• The Winter Economy Plan

    Date: Friday, 25th September 2020

    The Chancellor  announced yesterday new measures in a Winter Economy Plan that sets out how the government intends to protect jobs and continue to support the economy over the coming months.

    The new plan was released instead of the normal Autumn Budget that was officially cancelled on the 23 September.



    The Chancellor confirmed that as previously advised the Corona Virus Job Retention Scheme would finish at the end of October stating that it was necessary to focus the efforts on supporting “viable” businesses and jobs.

    The launch of the new Job Support Scheme was announced as a replacement. The Scheme will commence from 1 November and will run for 6 months. The key information is set out below:

    • Support viable jobs
    • Employees must work at least a third of their contracted working hours and employers will continue to pay the wages for staff for the hours they work. 
    • For the remaining contracted hours not worked, the Government and the employer will pay a third of the shortfall in the employee’s usual pay. The Government’s contribution is capped at £697.92 per month. This means those working only 33% of their usual hours will still receive 77% of their salary. 55% covered by the employer and 22% by the Government.
    • Open to all small and medium businesses (and some larger firms)
    • The new Job Support Scheme is open to all small and medium-sized businesses, as well as larger firms who must demonstrate they have been adversely affected. Even small firms that did not need to use the original furlough scheme can potentially utilise the Job Support Scheme.
    • Employers also able to claim the Job Retention Bonus simultaneously
    • The Job Support Scheme is designed to work in tandem with the Jobs Retention Bonus. The Job Retention Bonus was announced in July confirming that the government will pay a one-off payment of £1,000 to UK employers for every furloughed employee who remains continuously employed through to the end of January 2021. Employers will need to have maintained enrolment for PAYE online, a UK bank account and ensured that the eligibility criteria have been met.
    • Businesses will not be able to issue redundancy notices to employees on the Job Support Scheme.



    • Self-employed individuals have also been given additional reassurances of Government aid between now and 30th April 2021. The Self-Employed Income Support Scheme (SEISS) will now provide 20% of an individual’s average monthly trading profits in the form of a cash grant. This is significantly lower than the first and second SEISS grants of 80% and 70% respectively.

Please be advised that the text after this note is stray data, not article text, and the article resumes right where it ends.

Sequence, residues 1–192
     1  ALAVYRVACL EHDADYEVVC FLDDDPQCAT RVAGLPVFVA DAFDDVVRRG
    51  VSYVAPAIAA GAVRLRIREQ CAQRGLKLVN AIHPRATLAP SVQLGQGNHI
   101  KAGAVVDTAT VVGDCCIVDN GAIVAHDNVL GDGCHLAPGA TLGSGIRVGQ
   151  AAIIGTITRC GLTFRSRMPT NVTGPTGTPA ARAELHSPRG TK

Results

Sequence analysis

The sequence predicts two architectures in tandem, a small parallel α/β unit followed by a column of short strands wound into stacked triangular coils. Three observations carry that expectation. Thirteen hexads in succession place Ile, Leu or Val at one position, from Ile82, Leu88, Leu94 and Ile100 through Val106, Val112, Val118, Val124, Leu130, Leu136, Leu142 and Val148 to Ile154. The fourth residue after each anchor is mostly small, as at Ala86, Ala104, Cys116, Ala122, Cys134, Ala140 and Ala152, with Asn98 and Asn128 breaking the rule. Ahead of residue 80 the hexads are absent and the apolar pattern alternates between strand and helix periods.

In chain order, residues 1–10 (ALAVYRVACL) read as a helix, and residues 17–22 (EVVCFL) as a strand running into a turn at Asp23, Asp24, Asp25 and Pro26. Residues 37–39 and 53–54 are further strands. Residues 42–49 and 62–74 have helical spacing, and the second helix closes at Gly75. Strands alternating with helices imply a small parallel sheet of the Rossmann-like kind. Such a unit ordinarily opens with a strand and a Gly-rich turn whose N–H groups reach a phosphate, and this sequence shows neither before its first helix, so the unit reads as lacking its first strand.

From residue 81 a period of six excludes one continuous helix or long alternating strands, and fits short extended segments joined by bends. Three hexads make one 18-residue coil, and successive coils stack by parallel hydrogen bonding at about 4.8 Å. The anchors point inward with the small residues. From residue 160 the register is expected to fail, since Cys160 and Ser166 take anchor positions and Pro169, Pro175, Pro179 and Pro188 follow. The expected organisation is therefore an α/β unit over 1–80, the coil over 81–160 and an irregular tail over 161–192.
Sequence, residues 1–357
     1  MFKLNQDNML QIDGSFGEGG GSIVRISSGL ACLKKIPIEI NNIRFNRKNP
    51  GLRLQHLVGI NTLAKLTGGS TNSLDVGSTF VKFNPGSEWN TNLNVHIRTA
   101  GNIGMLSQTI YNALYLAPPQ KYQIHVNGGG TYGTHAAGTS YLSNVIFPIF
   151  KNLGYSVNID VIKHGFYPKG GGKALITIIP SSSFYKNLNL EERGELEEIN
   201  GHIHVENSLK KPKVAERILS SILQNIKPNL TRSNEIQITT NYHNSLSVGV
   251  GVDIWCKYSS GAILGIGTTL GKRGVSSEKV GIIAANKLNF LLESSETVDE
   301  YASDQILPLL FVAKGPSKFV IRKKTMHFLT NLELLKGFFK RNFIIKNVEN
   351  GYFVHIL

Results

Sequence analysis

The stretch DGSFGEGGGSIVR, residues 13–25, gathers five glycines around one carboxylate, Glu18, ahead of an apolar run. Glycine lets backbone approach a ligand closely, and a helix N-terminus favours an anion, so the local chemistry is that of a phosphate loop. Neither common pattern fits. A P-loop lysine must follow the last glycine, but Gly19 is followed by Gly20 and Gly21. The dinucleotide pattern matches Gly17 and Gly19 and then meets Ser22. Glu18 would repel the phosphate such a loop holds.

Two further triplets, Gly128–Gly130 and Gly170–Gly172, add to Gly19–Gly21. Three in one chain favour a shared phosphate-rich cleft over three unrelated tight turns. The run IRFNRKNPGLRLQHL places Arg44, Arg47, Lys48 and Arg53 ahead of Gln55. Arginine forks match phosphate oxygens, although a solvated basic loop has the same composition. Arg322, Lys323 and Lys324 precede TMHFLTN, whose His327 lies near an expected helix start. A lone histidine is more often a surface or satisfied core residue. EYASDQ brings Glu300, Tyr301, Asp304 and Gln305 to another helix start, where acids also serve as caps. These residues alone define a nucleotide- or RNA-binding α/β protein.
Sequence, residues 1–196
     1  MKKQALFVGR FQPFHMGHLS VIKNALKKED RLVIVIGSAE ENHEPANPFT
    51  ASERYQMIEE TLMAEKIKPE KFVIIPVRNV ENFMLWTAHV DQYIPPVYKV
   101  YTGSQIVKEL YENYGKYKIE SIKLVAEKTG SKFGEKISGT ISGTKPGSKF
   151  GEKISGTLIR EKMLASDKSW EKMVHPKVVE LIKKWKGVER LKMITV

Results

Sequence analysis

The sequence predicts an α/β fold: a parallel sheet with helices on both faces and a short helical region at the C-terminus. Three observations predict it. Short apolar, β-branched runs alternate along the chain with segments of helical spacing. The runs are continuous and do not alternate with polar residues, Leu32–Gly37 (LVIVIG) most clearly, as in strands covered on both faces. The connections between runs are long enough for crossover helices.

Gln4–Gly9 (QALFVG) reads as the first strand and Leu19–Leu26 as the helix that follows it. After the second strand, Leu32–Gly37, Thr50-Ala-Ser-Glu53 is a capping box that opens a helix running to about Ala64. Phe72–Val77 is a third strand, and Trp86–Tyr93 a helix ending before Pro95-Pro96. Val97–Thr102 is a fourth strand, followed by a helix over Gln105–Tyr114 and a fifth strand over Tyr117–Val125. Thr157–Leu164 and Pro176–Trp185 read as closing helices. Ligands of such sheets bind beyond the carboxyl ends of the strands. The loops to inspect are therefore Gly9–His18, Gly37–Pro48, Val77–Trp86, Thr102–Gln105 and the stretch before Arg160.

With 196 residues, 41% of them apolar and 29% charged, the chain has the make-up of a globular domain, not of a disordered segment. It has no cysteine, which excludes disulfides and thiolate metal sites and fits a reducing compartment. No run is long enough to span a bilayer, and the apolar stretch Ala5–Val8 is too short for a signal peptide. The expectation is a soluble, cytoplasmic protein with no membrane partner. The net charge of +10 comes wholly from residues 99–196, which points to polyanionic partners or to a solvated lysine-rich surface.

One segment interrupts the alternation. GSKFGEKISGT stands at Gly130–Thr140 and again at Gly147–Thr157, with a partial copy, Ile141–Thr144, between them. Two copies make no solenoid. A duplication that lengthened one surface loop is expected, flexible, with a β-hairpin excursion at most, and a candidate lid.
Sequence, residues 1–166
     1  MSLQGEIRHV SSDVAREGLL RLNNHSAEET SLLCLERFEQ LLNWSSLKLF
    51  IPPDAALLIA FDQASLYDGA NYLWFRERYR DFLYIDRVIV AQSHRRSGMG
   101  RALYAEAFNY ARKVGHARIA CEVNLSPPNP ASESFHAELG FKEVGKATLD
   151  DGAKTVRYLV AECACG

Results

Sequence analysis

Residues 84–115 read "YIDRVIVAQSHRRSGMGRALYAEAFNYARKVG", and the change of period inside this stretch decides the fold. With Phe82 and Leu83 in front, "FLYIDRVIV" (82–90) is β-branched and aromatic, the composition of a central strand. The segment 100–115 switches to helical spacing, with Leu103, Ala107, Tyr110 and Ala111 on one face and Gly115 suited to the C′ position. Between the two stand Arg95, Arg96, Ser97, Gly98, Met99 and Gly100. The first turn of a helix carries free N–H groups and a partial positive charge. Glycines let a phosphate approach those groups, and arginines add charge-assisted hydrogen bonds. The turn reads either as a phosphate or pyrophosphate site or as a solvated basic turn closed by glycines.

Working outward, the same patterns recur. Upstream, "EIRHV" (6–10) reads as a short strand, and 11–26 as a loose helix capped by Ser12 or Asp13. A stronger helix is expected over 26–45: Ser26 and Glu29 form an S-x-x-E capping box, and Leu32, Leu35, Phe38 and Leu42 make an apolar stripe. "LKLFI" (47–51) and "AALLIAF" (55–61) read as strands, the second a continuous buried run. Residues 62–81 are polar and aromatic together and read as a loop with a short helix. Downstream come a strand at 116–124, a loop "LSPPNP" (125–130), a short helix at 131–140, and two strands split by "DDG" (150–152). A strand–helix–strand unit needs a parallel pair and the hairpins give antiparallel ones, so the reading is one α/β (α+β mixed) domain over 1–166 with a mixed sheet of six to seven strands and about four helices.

• The third grant will cover November through to January, spanning three months of average monthly trading profits in one instalment – up to a maximum of £1,875 in total.
    • An additional fourth grant, which may be adjusted to respond to changing circumstances, will be available for self-employed individuals to cover the period from February 2021 to the end of April.



    An array of deferrals and tax cuts were also announced to help businesses with cashflow.

          Tourism and hospitality sector

    • There is to be an extension to the temporary 15% VAT cut for the tourism and hospitality sectors to the end of March next year.

    Deferral of VAT payments

    • All businesses who deferred their VAT bills between March and June this year can utilise the New Payment Scheme, which gives them the option to spread the VAT liability. Businesses will need to “opt-in” to take advantage of the scheme, HMRC will launch the “opt-in” process in early 2021.
    • Rather than paying a lump sum in full at the end of March 2021, it will be possible to make 11 smaller interest-free payments in the 2021-22 financial year.

    Deferral of self-assessment tax payments

    • Self-assessment taxpayers will be able to benefit from an additional 12-month extension from HMRC on an Enhanced Time to Pay arrangement. As a result payments on account for July 2020, and those due in January 2021, will now not need to be paid until January 2022.
    • Where the total tax due doesn’t exceed £30,000 the application for time to pay will be agreed automatically when the taxpayer applies using an online form.



    The government is extending the four temporary loan schemes, which have helped over a million businesses to date, to 30 November 2020 for new applications and 31 December set as the new deadline for approvals. This includes the Bounce Back Loan Scheme (BBLS), Coronavirus Business Interruption Loan Scheme (CBILS), Coronavirus Large Business Interruption Loan Scheme (CLBILS) and Future Fund.

          Pay as you Grow

    • The government will give all businesses that borrowed under the BBLS the option to repay their loan over a period of up to ten years instead of six. This will reduce their average monthly repayments on the loan by almost 50%.
    • UK businesses will also have the option to move temporarily to interest-only payments for periods of up to six months (an option which they can use up to three times), or to pause their repayments entirely for up to six months (an option they can use once and only after having made six payments).
    • These changes will provide greater flexibility to repay these loans over a longer period and in a way that better suits businesses’ individual circumstances.

         CBILS loan extension

    • The government intends to allow CBILS lenders to extend the term of a loan up to ten years, providing additional flexibility for UK-based SMEs who may otherwise be unable to repay their loans.

    We hope this information helps and supports you and your business, and we’ll continue to keep you updated on key developments over the coming weeks.



    In addition please see enclosed link for additional information and help: